Top 5 Legal Tips for Small Biz Yelp Reviews

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By Christopher Coble, Esq. on February 20, 2019 12:00 PM

Yelp and other online review sites have become the bane of some small businesses, with many struggling to navigate sticky social media situations and asking some tough questions. Yes, you probably can ban a customer for a bad Yelp review, but the bigger question is whether you should.

But banning isn't your only option. Here are a few legal pointers when it comes to responding (or not) to Yelp reviews.

1. The Yelp Question: Are Free Online Reviews Good?

Some small businesses monitor their online reviews religiously. Others ignore them with the same fervor. As a small business owner, you can determine your own level of involvement with Yelp. Consider whether it's worth your time (and money, if you're thinking about buying advertising on the site).

2. You Can't Make Yelp Delete Those Negative Reviews

Nobody wants a bad review. Especially one that's false or relies on some outdated or incorrect information. But it turns out getting an even defamatory Yelp review removed from the site is probably not going to happen. The California Supreme Court has ruled that Yelp itself is immune from defamation suits, and likewise can't be forced to remove reviews.

3. How to Respond to False Yelp Reviews

If you can't get a negative review removed, what should you do? If you think the review is fake, i.e., from someone who was never a customer, you can flag it for Yelp to evaluate. Additionally, Yelp attempts (or says it does) to filter fake or frivolous reviews, so it may get taken down on its own.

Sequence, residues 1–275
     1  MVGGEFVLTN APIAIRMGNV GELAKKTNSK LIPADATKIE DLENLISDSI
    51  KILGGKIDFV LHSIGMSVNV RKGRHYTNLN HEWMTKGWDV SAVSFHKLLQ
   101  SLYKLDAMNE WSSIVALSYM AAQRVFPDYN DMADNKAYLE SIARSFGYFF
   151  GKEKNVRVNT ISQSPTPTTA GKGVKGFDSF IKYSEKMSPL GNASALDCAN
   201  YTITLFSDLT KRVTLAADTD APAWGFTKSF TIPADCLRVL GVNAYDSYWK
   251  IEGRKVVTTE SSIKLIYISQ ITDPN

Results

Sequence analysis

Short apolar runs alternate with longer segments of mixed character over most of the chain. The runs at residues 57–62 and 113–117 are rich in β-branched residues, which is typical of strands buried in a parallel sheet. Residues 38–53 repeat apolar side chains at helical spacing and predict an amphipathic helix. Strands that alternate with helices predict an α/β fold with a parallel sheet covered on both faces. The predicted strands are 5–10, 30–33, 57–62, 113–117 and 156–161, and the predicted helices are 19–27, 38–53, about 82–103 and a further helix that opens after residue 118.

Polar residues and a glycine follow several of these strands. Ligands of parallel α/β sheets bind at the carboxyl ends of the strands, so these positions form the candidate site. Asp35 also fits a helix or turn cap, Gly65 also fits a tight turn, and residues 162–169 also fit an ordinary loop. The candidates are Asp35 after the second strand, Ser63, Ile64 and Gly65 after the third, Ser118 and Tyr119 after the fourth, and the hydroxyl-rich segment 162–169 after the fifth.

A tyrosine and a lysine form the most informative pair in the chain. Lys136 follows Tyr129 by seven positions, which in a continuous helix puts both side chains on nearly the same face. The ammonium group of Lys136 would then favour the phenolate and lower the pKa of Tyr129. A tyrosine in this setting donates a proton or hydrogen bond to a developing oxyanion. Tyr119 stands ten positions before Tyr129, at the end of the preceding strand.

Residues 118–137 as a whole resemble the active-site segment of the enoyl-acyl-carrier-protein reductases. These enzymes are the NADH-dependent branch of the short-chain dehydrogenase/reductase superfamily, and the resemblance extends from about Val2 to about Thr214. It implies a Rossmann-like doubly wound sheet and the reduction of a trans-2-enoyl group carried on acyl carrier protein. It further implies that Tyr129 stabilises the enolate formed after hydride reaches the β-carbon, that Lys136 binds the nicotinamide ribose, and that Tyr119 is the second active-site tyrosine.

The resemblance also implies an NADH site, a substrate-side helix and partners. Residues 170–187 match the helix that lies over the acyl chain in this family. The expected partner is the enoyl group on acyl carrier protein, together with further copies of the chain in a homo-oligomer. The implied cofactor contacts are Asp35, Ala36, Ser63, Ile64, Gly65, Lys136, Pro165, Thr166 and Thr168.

4. How to Respond to a Negative Online Review

If you do decide to respond to a negative Yelp review, be careful. First, savvy online users will often recognize an unreasonable review, so you may not need to respond at all. And those users will also spot -- and be turned off by -- a disproportionate response from a business owner. So if you're responding make sure to address facts with facts, and opinions with a genuine effort to win a customer back.

5. Can I Sue a Former Employee for a 1-Star Review?

Not all bad reviews come from customers. So, what do you do when the review is coming from inside the business? While a non-disparagement clause in an employment contract may bar former employees from trashing your business, not all are enforceable.

If you're considering legal action over a false or negative online review, contact a local commercial attorney for help.

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